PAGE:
The Korg MS20 Mini

The Korg MS20 Mini - Of all my gear, I still think this machine takes the cake.


3 Min read

ms20 mini

The Korg MS20 Mini

Worth every stinkin’ penny. 

In my crusade towards Artists helping Artists, what is more helpful than an open and honest dialogue in the form of a good old Musician based gear review? In my book, it’s the best way to research whether a piece of equipment is worthwhile and suits your workflow. While the Korg MS20-Mini has some deficiencies, what instrument doesn’t? Read on to see whether this analog semi-modular synthesizer is intended for the sound you’re seeking. Only you can make the ultimate decision to take the leap here but I hope some of this intel will help someone out in that respect. 

Honestly, among my modest 7 synths or so this is my current favorite and has captivated me since it’s purchase. It’s filters wail. The patching is powerful. It’s modulation capacity is wobbly. Do not underestimate this synth for a moment. It may not be the prettiest out there, but god damn does it get the job done.. 

It has a fairly smooth touch to it. The keys could stand to be a little less chincey for the asking price. They're essentially the same type of keys you’re used to seeing on every MIDI controller. For the $450 I paid for it, I’d anticipate at least some heft to the weight of the keys. This is a tiny demerit for this device. The nuances are nothing earth shattering. A first world problem at best. 

I suck at the keyboard. I’ll be the first to admit it. I play keys like a monkey flinging it’s poo, flailing my arms around and stomping the keys in fifths to make it sound like I know what I’m doing. One thing I do have a fair understanding of is music theory. This is a natural combination of the two. 

Since I suck at keys, it’s all about the knobs for me in that respect. Since I know how intervals work, it makes my desire to play around and experiment with those knobs all the more. Thanks to the MS20, my mediocre playing can sound like genuine music, so long as I keep a careful eye on how I adjust my parameters and stay in key along with the melody played. 

Then – BOOM – one day it hits me like a mother fucking truck. I forget where I first heard of the SQ1 Step Sequencer but it has been a powerful tool in my arsenal since it came out of the box. It COMPLETELY makes up for my inability to play keys. Shout-outs to Korg for thinking like the every man! Joking aside, this brick sized doo-dad is easy to fit into any size studio (mine is a kitchen table, so you’re probably good). It’s, simply put, a badass sequencer. It does what it says it does and it does it well. There’s features I still don’t fully understand on it, but that’s half the fun anyway, eh?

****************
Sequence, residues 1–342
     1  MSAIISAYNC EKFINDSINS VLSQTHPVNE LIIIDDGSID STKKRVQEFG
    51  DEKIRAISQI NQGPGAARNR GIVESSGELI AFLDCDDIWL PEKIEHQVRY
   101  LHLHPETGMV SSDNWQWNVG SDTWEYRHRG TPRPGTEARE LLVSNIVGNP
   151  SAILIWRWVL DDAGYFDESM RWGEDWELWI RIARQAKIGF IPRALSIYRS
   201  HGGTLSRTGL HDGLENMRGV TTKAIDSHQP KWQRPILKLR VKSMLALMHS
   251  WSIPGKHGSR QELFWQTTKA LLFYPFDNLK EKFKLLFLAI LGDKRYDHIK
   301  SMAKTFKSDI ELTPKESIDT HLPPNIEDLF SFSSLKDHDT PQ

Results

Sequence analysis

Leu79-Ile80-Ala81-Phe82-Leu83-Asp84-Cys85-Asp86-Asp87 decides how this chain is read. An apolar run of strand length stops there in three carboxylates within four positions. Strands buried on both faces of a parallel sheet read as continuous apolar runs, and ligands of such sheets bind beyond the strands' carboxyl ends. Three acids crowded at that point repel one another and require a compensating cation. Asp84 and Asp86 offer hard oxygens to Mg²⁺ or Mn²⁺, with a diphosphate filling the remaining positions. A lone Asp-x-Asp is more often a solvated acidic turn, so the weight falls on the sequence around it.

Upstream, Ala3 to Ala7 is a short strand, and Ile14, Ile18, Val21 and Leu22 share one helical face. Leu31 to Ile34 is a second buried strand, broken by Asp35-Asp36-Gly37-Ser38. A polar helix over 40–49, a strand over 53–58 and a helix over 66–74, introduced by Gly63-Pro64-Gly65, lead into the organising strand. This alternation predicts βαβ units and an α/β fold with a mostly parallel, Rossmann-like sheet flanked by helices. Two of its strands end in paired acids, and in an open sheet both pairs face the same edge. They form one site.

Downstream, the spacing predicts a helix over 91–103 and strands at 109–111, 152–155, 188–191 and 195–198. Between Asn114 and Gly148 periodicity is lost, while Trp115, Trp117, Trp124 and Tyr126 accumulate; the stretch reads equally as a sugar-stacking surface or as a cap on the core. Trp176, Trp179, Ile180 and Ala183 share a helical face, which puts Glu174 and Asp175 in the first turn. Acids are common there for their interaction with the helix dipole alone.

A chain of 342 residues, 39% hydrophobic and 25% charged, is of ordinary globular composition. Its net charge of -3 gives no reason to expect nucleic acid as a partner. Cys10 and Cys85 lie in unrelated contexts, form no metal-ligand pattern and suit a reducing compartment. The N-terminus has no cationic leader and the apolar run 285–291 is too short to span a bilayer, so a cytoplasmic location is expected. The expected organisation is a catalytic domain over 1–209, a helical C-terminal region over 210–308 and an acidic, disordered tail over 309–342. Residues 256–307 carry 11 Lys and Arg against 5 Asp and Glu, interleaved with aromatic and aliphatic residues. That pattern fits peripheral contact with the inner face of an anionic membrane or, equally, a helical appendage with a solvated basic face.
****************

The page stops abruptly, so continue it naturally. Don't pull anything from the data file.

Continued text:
Now that you have your SQ1 connected to your MS20 you’ll find your eye wandering over to the right. Ohhhh, the patch bay. Pretty, isn’t it? With something controlling all your rhythmic and melodic parameters, it frees you up to schiz the fuck out of the MS20’s circuitry. All I’ll say about the patch bay here that you may not be able to find on your own is BUY MORE CABLES! The unit itself comes with 5. You will need more than 5. Trust me. Just get some extra cables. 

There is one large con that simply cannot be avoided. My eyesight is awful. I can’t see in front of my face unless you’re about four inches or less away. Fortunately, that’s before correction. With correction I am 20/20. Still though, in low-light the MS20 knobs are super hard to see. There’ s something off with the color schema and the white blends into the black too easily. With that said, I give this con a big ol’ mehhh, it’s fine. It’s a very first world problem. 

Check the Resources section of the blog for some info I’ve posted about how to get your MS20 rockin’ and rollin’, as always feel free to comment in that section of this article and I hope this write-up helped you in some way, shape or form. Thanks for reading!

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chuck w.


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